Archive for June, 2008

Hospitality and Ecumenism

June 29, 2008

Until recently,  I have been based in our national offices in New York, but thanks to the hospitality of the Diocese of Nebraska and Trinity Cathedral in particular, I am now back living in Iowa (just in time for the floods!) and relating to one of our new regional offices which will be housed right here at Trinity Cathedral!   


The other regional offices are slated for Los Angeles, Seattle, Atlanta and Washington DC. The Presiding Bishop of our church, Katharine Jefferts Schori, has cast a vision for our national offices to be more collaborative in working together, and more connected to the needs of our people in the pews, our bishops, priests and deacons in dioceses and congregations across the country and beyond.  Our hope is to learn from the many fine ministries going on here in Nebraska and throughout Province 6. And also to help interpret The Episcopal Church’s ecumenical and interfaith work on the local level.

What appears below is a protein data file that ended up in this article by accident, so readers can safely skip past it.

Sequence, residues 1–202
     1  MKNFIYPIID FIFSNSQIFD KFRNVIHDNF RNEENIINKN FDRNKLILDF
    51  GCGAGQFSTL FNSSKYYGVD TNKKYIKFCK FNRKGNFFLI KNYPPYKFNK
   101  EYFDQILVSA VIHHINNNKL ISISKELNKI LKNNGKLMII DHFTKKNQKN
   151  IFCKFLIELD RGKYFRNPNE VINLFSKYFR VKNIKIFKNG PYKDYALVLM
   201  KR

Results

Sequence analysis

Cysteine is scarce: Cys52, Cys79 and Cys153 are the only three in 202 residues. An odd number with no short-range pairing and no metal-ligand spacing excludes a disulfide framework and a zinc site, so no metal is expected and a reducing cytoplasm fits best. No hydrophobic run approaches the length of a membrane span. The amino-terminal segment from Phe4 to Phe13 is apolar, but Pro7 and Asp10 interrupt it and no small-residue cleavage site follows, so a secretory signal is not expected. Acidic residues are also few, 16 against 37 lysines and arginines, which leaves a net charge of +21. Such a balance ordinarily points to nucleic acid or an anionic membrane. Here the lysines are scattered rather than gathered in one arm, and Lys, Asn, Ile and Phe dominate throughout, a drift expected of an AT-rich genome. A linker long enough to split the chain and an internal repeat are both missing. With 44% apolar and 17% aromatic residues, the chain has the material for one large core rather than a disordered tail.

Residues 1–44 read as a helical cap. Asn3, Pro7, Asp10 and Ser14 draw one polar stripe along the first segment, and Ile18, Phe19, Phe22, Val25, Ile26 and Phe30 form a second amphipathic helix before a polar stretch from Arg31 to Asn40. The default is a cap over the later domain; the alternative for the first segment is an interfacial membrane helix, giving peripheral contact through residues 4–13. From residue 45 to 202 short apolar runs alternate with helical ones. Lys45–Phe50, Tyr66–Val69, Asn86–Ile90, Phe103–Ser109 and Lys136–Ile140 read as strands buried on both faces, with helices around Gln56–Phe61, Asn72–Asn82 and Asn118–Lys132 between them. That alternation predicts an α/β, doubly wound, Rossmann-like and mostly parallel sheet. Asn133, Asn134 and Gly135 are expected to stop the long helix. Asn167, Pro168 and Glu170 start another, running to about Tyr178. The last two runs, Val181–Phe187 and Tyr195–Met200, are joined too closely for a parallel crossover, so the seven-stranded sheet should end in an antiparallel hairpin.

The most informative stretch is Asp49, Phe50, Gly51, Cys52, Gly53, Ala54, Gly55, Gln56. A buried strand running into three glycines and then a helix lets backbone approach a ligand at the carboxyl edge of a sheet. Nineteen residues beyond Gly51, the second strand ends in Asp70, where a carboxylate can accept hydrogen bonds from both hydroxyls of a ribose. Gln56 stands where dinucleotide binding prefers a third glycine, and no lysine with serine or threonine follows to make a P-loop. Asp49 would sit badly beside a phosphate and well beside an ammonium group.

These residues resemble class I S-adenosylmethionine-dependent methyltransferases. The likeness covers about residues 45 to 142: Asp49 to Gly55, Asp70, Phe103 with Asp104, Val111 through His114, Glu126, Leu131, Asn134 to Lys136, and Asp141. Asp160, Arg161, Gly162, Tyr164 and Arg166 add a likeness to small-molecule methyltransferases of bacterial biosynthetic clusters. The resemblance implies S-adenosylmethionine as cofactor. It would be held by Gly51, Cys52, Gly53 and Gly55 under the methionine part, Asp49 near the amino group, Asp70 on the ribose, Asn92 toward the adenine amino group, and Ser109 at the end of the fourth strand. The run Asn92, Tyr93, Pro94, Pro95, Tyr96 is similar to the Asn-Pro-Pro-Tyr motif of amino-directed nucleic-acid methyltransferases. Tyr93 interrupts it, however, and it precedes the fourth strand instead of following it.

Today’s Gospel is all about hospitality as our Lord tells his disciples that “whoever welcomes you welcomes me…and whoever welcomes me… welcomes the one who sent me.” (Matthew 10:40) If the welcome and hospitality we have already received from Bishop Burnett, Deans Hurley and Medina, and Canon Tim Anderson are any indication, you are fulfilling that Gospel mandate to the fullest! We feel welcomed indeed.


In many ways, the ministry in which I am engaged is all about hospitality. When the Presiding Bishop, then Frank Griswold, asked me to leave my diocese and come to work for him in ecumenical relations, my counterpart in the Church of England, Dr. Mary Tanner, said, “Congratulations, Chris. You and I have the best jobs in the Church. They pay us to make friends!”


And there’s some truth in that. The ecumenical movement is all about building friendships and relationships between separated Christian communities and working for the unity of the one Church.